So, question for any system designer: which of these do you most care about? Drama or tactics? It isn’t like they are totally incompatible; you can have a sort of “summing up” phase after all the gubbins of tactical decision-making have been sorted to bring back the rich description of the action, or you can blend a kind of light-weight tactical system in with an otherwise more freeform affair. But there is a limit to this, and trade-offs to be made. I think there has been a lot of work in the first space (heavy focus on tactics, with description sort of crowbarred in), but less in the second – combat systems (as opposed to generic systems, remember) focused on drama, with less focus on tactics.

Whenever I think about operating in that second space, I start to get worried about descending into the generic. What I mean by that is: combat starts to feel like it doesn’t matter what decisions you are taking, as they are all mechanically the same. Does it matter whether I’m trying to kill this person or KO them, capture them, drive them off? It feels like it should. But in order to keep things simple and pacy, I find myself starting to design out those distinctions. I end up with “roll the dice, if you succeed impose a condition – give it a name, move on”.

I really want my fight scenes to feel dramatic. Grinding through a tactical battle scene can be fun – I enjoy war games, after all – but I’d like to be able to breathe life into fight scenes so they really feel edge-of-the-seat.

What games have you played that gave you a real sense of the excitement of a fight scene?

What I want from a combat system

So, if it wasn’t apparent already, I’m a system geek. I obsess about rule systems for RPGs. And none more so than the rules for combat.

Combat rules can be anything from “the players and/or GM describe what happens based on what they think would be cool and dramatic” to a sort of hyper-detailed miniature wargame. No matter. There are a list of things that I want to some degree or other from any combat system. Now, I think there’s a separate discussion to be had about whether some of these might be incompatible with each other; that’s for another day.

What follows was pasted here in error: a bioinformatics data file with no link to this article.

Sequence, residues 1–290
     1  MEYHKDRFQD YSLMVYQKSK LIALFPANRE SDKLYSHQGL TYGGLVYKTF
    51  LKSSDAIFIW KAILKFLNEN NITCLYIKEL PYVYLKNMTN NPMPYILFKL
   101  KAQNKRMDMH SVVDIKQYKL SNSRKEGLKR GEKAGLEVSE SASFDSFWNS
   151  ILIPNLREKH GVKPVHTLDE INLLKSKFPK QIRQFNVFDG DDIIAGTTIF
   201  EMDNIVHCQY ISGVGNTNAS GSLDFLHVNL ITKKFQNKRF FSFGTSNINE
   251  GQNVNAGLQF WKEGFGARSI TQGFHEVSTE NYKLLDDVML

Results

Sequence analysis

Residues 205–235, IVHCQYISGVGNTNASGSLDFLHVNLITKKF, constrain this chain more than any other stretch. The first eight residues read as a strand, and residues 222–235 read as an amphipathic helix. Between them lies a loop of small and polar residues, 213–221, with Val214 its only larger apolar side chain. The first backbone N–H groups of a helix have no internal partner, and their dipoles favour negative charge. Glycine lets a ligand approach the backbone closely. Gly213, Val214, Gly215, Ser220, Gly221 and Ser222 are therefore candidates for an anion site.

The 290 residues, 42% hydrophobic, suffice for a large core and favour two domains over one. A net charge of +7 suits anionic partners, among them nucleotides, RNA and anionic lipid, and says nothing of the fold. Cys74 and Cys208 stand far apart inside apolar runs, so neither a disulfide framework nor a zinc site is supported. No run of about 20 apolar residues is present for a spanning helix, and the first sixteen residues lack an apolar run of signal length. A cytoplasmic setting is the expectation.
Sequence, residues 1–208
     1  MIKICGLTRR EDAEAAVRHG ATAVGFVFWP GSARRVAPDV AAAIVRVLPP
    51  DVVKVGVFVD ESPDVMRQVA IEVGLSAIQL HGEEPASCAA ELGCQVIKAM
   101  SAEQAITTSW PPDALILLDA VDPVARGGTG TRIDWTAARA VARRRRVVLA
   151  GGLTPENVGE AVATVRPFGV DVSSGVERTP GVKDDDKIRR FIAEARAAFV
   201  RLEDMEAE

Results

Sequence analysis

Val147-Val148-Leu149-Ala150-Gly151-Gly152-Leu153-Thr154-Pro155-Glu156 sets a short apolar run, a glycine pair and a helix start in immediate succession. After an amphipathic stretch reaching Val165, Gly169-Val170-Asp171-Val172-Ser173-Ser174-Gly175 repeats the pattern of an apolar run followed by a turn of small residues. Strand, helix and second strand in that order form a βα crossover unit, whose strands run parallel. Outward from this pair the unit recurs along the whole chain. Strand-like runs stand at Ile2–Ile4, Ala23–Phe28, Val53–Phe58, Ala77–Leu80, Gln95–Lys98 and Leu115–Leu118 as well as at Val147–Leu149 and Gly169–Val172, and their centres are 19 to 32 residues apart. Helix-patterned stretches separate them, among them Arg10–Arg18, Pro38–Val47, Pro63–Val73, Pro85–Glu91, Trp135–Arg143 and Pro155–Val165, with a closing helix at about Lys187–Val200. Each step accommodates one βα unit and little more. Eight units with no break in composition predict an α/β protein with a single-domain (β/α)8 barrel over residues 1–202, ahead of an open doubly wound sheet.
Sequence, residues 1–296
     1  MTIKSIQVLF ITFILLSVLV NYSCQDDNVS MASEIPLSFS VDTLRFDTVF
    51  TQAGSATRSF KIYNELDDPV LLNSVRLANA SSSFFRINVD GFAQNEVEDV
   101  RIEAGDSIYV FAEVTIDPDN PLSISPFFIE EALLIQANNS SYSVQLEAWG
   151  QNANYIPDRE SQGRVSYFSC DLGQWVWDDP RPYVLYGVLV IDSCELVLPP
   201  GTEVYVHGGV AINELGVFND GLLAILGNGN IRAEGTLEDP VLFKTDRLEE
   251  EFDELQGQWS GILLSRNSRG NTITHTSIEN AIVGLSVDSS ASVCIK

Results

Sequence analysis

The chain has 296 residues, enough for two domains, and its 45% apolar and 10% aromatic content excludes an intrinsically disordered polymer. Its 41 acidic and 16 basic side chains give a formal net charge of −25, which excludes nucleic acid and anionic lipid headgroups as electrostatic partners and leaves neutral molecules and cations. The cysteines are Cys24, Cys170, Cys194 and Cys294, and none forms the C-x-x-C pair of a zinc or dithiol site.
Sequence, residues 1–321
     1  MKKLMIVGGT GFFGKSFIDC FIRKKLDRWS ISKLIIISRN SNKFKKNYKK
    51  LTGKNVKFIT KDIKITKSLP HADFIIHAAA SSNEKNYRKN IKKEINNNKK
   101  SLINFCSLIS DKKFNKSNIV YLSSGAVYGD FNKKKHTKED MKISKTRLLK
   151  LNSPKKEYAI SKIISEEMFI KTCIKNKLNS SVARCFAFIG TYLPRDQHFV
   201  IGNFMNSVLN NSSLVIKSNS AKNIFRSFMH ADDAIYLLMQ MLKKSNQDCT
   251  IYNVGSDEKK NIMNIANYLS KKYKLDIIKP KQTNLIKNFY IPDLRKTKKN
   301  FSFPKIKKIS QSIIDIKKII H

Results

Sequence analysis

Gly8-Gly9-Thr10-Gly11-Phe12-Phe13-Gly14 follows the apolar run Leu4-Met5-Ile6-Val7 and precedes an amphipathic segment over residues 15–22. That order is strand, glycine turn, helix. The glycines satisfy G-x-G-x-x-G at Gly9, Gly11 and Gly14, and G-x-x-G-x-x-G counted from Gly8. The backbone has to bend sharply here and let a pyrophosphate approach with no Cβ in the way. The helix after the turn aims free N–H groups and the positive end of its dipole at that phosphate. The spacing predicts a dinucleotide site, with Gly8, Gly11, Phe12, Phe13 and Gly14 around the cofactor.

1. Drama. The whole point of having a separate combat system (as opposed to just using the bog-standard conflict resolution system for your game) is to deliver the suspense and excitement that a fight scene in any book or movie can provide. Will the hero live or die? Unlike most books and films, in an RPG that might be a question that could have more than one answer. The system needs to deliver that sense of drama and risk.

2. Colour and impact. A combat system needs to promote description that is rich and exciting. I want to feel like I’m in a fight. You might think any combat system can do this; it’s just down to whether the players and/or GM can manage to describe things in a sufficiently interesting way. Probably true to an extent – but there’s no doubt that a combat system can kill this off by encouraging a mechanistic “I hit him he hits me back” type dynamic.

3. Tactical depth. Being able to make interesting tactical decisions in combat and have them affect the outcome is an important part of why you bother having a combat system at all. You can do this (and many systems have!) through hyper-detailed battlemaps and oodles of options for special moves, feats and whatnot, or you can do this through a system-light approach where the GM and/or players assess the effectiveness of the tactics chosen and reflect this in the outcome described. The latter poses a risk, of course – I make what I consider a sound tactical judgement and the GM decides it wouldn’t work, for their own inscrutable reasons. Meanwhile the more “crunchy” approach ensures that there’s an agreed framework for making tactical decisions, but risks requiring unmanageable mechanical complexity in order to support a range of possible strategies. There are other ways of introducing tactics, through a kind of system-focused approach (like Dogs in the Vineyard’s see-and-raise approach), but these often lead to a focus on the dice at the expense of the fiction.

4. Realism. Controversial, this. It isn’t strictly necessary, but many of my gripes with commercial systems stem from a perception that they aren’t realistic in some way. Take D&D3e’s rule that smaller characters get a bonus to their hit rolls and a bonus to their armour class. Right: so in any given fight, the smaller fella is going to prevail, on average. Right? Let’s try putting the world’s best featherweight boxer in the ring with a mediocre heavyweight and see what happens, shall we? Of course, realism doesn’t mean you have to be hyper-detailed; there’s an argument that the players and GM are the best arbiters of what they consider realistic, so their own judgement is the best tool for ensuring a combat that has verisimilitude for them, without the need for reality-simulating mechanics.